Bethypoo, barely 21 months old, stared at me with tear-filled, imploring eyes:
I don’t care if I have tears and snot streaming down my face, Dad. I want to be very clear to you: I’m not getting into that jogging stroller, that rolling prison with oversized wheels. Period. Not with this beautiful weather and bright sun, and with the birds singing in the trees. Forget my snack, forget my stroller, let’s hit the trail – by foot, like how you big people do it – already!
Moved by the pouty face, I relented. “Okay, okay, you win. Mummy, let’s see how fast we can do this with her walking alongside us.”
The Robert Louis Stevenson Memorial Trail is a ten-mile round trip trek to the top of Mount Saint Helena, and one of our favorite hikes. In our pre-Bpoo, pre-London days, Mummy and I would hike this trail several times a year, through heavy rain or sleet, thick fog, or blazing sun. On a clear day, the view from the peak is unbelievable – an amazing 360-degree panorama of hills and mountains, 4000+ feet above sea level – making the moderately difficult, monotonous hike to the top worth the sweat and eventual body aches.
With Bethypoo on this cool, sunny morning, we opted for an abbreviated version of the hike, a one-mile trip to the Stevenson Memorial, consisting of a series of switchback trails winding through the forest. This would be our first time back to the trail in over five years, and from what I could vaguely remember, I felt confident of our jogging stroller’s sturdiness to handle the trail conditions leading to the monument…
…but, upon arrival, discovered Bpoo was just as excited as we were, and had no interest whatsoever at the idea of being strapped in a stroller for her adventure! She started to cry at the mere sight of it, which was very odd, considering she’d usually climb right in for our regular morning jogs. My attempts at physically placing her into the stroller were met with back-arching and wails of protest, so Mummy and I gave up. I pushed the empty stroller with Mummy and the now-smiling Bpoo over to the picnic tables near the trailhead for Bpoo’s quick snack. Bpoo protested again; she just wasn’t in the mood for either her yogurt or wasting more time. “Ah, forget it. Let’s just go,” I mumbled.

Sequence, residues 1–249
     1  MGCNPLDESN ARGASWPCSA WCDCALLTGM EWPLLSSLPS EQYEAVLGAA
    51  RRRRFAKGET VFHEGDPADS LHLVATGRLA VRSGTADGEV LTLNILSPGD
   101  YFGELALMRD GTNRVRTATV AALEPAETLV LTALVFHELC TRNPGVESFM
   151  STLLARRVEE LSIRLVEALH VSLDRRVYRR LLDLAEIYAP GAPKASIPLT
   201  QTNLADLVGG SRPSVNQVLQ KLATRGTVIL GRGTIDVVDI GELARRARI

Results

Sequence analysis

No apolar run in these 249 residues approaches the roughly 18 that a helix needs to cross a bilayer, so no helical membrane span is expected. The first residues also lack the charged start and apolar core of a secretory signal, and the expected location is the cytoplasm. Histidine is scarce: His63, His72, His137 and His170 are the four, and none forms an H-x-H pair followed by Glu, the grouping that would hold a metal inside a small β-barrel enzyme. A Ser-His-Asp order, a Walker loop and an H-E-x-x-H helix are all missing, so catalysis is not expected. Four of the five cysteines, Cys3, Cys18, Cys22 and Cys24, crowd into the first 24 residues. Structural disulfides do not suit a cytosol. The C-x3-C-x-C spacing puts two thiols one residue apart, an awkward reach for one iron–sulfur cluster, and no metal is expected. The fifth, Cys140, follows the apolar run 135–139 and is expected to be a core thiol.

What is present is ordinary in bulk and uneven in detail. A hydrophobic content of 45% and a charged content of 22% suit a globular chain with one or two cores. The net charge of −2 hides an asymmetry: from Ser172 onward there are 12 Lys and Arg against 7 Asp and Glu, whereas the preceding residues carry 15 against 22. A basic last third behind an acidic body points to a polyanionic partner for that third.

About 10 minutes into the slooooowwwww hike – Bpoo stopped to admire nearly every stone, plant, or tree along the way – Mummy and I decided to force her into the stroller to complete the out-and-back before her lunchtime. Sensing this, Bpoo’s smiles disappeared, and the back-arching and crying resumed again as we struggled to strait-jacket her into the stroller. I grabbed a few stones off the trail and handed them to Bpoo to calm her down, and she happily inspected them as we resumed our hike.
With the stroller (and Bpoo inside it), the rocky surfaces and exposed tree roots on parts of the trail made the hike a bit more challenging, forcing me at times to cleverly maneuver the stroller or carry it outright over the difficult surfaces. Despite the minor struggles, we made it to the monument, a granite structure commemorating the site of Stevenson’s honeymoon cabin. We released Bpoo from her stroller, and she cheerfully began her exploration of the area, picking at more stones, slapping tree trunks, and stomping on the brush. I gave her a rudimentary geology lesson based on the Mt St Helena Wikipedia article, and she happily took it all in…I think.
Before starting on the return trip to the parking area, Bpoo complied with our request for her to ride in the stroller once again, and the remainder of the hike went smoothly. We were getting very hungry, and looking forward to lunch at Buster’s, in Calistoga, the best place for a tri-tip sandwich we’ve ever been to. Overall, a great day for the family!
Some lessons learned from this particular hike:
1. The trail to the monument is NOT suitable for jogging strollers. I haven’t tried the stroller out on the fire road leading to the peak yet.
2. Come early; the parking area has few spaces.
3. It’s very easy to miss the trailhead/parking area. I programmed coordinates found on Wikipedia into my GPS unit, and thankfully it led me right to the parking area.
4. On the drive to the trailhead, your child may experience sensitivity to the elevation change.